Perfectionism and Procrastination

Recently I've been thinking a lot about the toll procrastination takes upon our writing. I'm starting a new book right now, and I've fought to get really going on it because every time I sit down to write, I feel like my story isn't yet good enough. Can you relate to that?

While I think pre-writing planning is extremely helpful. And I know with my current novel, it's made all the difference in helping me craft well-rounded characters and giving me an idea of their motivations. I've also already charted out some of my most important scenes and have a good idea where everything is heading.

But at some point, all that is not enough. At some point, you have to sit in the chair with your computer and just write.

And the first draft will probably be bad. That's okay. It happens to all of us. The important thing is pushing past those feelings of, "Oh my goodness. I have to delete this whole thing. Give me some chocolate," toward feelings of "Well, this is at least tolerable," toward a moment (perhaps far in the future) where you think, "Hey, this isn't half bad."

Michael Hyatt posted as his Facebook status tonight: "Perfectionism is the mother of procrastination."

Isn't that so true? When I read that, I thought to myself, "What a perfect way to phrase what I wanted to write my blog post about."

I have a problem. I like things well-done. Very well-done. So well-done that sometimes it keeps me from jumping toward the thing at all. But think of it this way. A poorly-written first draft can be edited. An unwritten story is of no benefit at all.

Sometimes we just have to step out and put one foot in front of the other until we learn to walk, to step into our story and into uncharted ground. Eventually we will find the beautiful fountain that is the story God has put within us. But we won't find that beautiful thing if we don't keep walking. It's the same thing with the Christian walk, really. Faith requires a certain element of stepping out into the unknown. Many times, we're okay with that. But it gets a lot more challenging when we're not sure of the steadiness of our own ability.

But what has God said of that? Philippians 1:6, "Being confident of this, that He who began a good work in you will complete it until the day of Christ Jesus." Take a second to let that soak in to your heart. When God calls us, He equips us. Sometimes He only gives us the tools we need for that next step of the journey, when we'd really like to have them all at once. But He knows how much we can handle. And the important thing is, the work He is doing in us is a good thing. It is a process. We do not step out in faith and suddenly arrive at spiritual perfection, and in the same way, we do not start writing and suddenly materialize a perfect story. But somehow, after many afternoons of sitting at the kitchen table alone and writing, or many late evenings filled with only the light of our laptops, we find a story. One that really sparkles and goes on to touch the lives of many.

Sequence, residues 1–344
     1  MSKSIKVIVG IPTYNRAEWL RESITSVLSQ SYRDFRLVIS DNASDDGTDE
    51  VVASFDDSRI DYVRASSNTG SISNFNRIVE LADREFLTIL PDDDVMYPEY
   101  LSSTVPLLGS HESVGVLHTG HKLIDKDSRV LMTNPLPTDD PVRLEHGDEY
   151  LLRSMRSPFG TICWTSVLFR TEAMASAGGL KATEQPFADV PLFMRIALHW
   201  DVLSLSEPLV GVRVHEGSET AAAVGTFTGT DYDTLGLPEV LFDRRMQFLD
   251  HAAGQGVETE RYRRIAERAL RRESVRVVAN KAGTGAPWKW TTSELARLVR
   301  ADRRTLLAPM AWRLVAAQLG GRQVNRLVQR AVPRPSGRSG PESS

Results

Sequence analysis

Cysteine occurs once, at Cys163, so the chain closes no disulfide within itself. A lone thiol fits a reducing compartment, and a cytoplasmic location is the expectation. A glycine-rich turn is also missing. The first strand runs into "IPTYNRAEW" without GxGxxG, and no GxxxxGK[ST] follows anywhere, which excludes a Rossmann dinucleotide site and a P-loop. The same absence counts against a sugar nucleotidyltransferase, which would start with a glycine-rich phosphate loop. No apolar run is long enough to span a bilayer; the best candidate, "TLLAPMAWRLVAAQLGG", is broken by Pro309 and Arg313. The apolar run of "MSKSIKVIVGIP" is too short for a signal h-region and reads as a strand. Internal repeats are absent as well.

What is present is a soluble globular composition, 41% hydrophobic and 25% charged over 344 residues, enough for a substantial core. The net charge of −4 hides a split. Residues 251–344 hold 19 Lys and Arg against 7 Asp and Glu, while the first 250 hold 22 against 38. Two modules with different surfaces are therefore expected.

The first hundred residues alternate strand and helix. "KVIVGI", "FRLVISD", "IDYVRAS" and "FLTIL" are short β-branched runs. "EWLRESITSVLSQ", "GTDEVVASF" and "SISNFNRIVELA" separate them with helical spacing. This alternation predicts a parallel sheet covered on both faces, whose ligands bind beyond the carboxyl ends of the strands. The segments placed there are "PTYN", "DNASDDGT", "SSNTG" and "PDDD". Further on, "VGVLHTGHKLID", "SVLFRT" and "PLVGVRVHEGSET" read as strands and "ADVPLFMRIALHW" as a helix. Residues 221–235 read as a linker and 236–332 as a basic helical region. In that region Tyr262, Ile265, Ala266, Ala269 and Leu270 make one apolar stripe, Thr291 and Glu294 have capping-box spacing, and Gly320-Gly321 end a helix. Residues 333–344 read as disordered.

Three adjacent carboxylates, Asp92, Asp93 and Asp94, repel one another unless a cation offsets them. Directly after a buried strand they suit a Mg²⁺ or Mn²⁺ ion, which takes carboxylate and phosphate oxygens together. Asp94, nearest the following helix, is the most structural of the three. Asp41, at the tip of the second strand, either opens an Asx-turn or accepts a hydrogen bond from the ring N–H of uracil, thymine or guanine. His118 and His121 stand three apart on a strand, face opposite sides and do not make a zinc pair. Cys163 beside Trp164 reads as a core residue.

So here's the thing. Keep writing.


How do you combat those, "My story stinks" blues that inevitably come at the beginning or perhaps the middle of your story?

Photo from


  1. I like what you said about us being able to edit a bad story, but not being able to do anything to something that's not written at all.

    And I'm a total perfectionist too, so you're not alone!!

  2. I had a feeling you were, Lindsay! Seems we are kindred spirits! :)

  3. Ashley, Your rough drafts are pretty darn good! I am glad that we feel comfortable enough to share our rough drafts with each other! You are right, it's best to sit down and flesh it out, and know it's not going to be seen in that condition by a publisher yet...just get the story out and then make it shine! I am trying to be better about also means taking good notes when you have ideas on how to change whatever you've written...I went back and wrote in some pretty significant back story because I was afraid I'd forget the research, but it probably would have been better to just make a note and keep pressing on, moving the story forward. It's such a journey, and we should remember that it's okay to get out there and walk a little before we run!
    Love ya!

  4. Angie, I feel the same way about you! I can't tell you what a help it is to know someone is going to be reading my story in its very rough stages and cheering me on. Sending cyber hugs your way!

    And I like what you said about walking before we run. So true with everything in life, really.

  5. "A poorly-written first draft can be edited. An unwritten story is of no benefit at all."

    So, so true.

    From another perfectionist...